Maybe Tina was incredibly selfish and dismissive but maybe she didn't see it that way and did not feel that the birthday party was a big deal given that she sat in on every chemotherapy appointment and did not go on a date for the almost year that Martha was fighting the cancer. Maybe there is a misunderstanding...but one thing is for sure; there is no resolution with adult communication!
Stop being a baby!!!

Thursday, January 23, 2014

One Year Parenting Woes

Yesterday marked a year since I've been on this journey called "parenting." I know very little of the game and have really worked my way through accepting that, and knowing that I am a work in progress. Every day of doing it, I learn something new about parenting in general and more importantly, about Max. Today, I read an article about moms being hard on each other and how we are the first ones to guilt another parent about how they do things. The article challenged me to look at the way I treat other parents and how they do their thing in their home. In my parenting, these things are true; I breastfed Max until I no longer could physically because I believed it to be the best thing for him since he was two months early. I also feel that giving your baby formula and nourishing them that way is just as acceptable and just as loving. Max sleeps in his own bed every single night however we have not transitioned him to his own room yet. Again, these decisions had much to do with him being early. I think that co-sleeping is also fine and having your child sleep in their own room right away is fine too. My choice was based on Max being so small and having a much higher chance of Sudden Infant Death Syndrome. I wanted to be closer to him to oversee all of his actions while sleeping. Now that he is a year old, we will work on transitioning him to his own bedroom. He now takes naps in his own bedroom.

With eating "real food," I choose to feed my son (at every meal) a serving of protein, whole grains, vegetables, and fruits. This is for a couple of reasons. First, I am a type I diabetic and Anthony is a Type 2 diabetic so nutrition is paramount in making sure that Max has great health. It is unlikely he would get my kind by heredity since they have now decided it is more of an autoimmune disorder but Type 2 is more about family history and health habits. We want to prevent this for Max, if we can, by teaching him good nutrition from the very beginning.  We have also chose to not include as much meat into his diet. We both believe that the more meat in your diet, the more unhealthy you seem to be. We have found ways to give Max great nutrition without bombarding every meal with meat. He does eat meat but it is usually chicken, turkey, or fish. Max may have had something with beef once. It is also completely okay if you feed your child ground beef 4 times a week and let them eat french fries. I'm sure you know how to handle their nutrition and you will do your best for your child. No judgment here, it's just how we choose to handle nutrition in our house.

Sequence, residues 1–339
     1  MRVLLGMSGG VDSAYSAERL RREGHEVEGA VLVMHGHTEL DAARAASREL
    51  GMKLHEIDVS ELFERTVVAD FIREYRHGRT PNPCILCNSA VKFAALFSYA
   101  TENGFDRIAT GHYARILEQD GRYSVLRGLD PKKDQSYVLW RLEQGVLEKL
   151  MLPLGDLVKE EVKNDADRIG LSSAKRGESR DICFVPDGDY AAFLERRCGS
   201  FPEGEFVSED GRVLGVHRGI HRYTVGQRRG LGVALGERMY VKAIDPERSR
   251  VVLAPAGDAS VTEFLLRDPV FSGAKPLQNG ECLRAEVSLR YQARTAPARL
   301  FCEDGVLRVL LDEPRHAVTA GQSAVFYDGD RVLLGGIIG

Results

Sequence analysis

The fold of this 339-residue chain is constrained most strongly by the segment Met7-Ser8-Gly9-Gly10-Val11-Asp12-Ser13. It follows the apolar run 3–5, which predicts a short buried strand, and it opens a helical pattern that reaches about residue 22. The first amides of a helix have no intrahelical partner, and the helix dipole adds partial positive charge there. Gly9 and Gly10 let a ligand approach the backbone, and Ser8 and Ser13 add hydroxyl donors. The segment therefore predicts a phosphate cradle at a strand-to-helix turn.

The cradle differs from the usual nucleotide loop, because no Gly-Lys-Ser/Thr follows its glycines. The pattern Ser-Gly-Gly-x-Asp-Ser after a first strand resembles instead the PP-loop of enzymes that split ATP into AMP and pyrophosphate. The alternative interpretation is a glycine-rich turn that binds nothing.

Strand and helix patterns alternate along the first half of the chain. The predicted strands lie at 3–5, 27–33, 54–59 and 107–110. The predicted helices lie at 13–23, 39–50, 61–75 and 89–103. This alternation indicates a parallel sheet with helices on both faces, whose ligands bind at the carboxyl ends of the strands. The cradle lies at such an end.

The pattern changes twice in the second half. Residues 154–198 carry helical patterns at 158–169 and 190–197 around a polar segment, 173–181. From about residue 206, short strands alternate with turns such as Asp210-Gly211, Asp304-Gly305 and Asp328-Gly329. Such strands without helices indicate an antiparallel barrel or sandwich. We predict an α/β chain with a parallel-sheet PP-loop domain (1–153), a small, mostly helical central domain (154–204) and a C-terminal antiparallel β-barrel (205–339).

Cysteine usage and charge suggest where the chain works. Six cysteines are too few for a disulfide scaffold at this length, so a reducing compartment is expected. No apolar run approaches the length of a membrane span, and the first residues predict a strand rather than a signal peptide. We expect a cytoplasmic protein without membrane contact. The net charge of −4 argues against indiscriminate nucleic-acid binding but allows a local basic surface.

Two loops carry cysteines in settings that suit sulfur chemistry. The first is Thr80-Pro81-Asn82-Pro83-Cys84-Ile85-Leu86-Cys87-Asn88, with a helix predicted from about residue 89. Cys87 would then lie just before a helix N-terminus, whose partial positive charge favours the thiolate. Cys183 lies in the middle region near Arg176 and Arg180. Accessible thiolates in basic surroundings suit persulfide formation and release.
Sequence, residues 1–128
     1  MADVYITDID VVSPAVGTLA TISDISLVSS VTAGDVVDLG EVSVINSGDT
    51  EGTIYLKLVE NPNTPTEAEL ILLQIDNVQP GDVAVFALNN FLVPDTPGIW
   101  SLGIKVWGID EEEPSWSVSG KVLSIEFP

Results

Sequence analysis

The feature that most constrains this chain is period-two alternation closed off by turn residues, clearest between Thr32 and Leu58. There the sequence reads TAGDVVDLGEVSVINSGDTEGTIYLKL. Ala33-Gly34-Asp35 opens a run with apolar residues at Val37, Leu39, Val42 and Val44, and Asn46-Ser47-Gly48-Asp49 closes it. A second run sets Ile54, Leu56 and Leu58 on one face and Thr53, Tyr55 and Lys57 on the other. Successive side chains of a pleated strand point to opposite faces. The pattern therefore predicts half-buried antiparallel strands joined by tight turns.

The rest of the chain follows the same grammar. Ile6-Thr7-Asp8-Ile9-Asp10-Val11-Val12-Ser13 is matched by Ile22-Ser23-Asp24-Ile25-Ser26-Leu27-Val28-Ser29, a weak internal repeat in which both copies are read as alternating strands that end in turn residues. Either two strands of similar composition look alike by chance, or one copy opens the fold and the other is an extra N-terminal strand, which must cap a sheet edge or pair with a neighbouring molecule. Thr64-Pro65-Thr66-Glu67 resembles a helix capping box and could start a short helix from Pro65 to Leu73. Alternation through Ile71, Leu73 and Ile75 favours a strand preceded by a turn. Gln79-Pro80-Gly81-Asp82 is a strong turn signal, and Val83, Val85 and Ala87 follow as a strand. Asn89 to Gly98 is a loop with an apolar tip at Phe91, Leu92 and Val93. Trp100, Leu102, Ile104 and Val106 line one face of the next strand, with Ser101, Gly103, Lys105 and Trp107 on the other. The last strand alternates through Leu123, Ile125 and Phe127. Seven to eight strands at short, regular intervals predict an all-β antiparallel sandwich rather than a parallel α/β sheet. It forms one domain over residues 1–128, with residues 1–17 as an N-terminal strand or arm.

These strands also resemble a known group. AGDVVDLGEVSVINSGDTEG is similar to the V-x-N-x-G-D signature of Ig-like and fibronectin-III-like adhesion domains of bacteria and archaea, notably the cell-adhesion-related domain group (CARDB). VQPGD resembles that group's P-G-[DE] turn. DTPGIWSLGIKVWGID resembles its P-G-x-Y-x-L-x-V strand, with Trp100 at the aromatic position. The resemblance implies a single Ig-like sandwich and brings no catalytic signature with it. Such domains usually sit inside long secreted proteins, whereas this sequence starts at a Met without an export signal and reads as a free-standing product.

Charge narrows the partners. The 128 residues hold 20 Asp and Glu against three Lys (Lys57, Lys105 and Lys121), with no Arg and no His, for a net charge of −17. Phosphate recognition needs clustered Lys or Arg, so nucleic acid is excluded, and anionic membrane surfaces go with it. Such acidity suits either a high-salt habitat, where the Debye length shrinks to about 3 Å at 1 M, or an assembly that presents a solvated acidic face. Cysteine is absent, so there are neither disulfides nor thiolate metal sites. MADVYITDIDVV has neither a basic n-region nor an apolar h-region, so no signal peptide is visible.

Toys; Anthony and I only buy educational and developmental toys for Max. Granted, he still finds these fun because you push buttons, they sing or make noises, and they are colorful. He does not know the difference. I do not feel (at this age) he gets anything out of violent toys or action figures. It is just a fact, where he is developmentally. Later when he begins to use imaginative play, action figures can prove useful. I basically buy Max things that he can manipulate using motor skills, learn from, or make music with. However, I have no judgment in allowing your one year old to have action figures. I have no judgement in allowing them to have toys that serve no educational purpose. This is all about my role as a therapist and studying child development for years. I just appreciate learning toys and things that help Max make transitions to new developmental goals easily.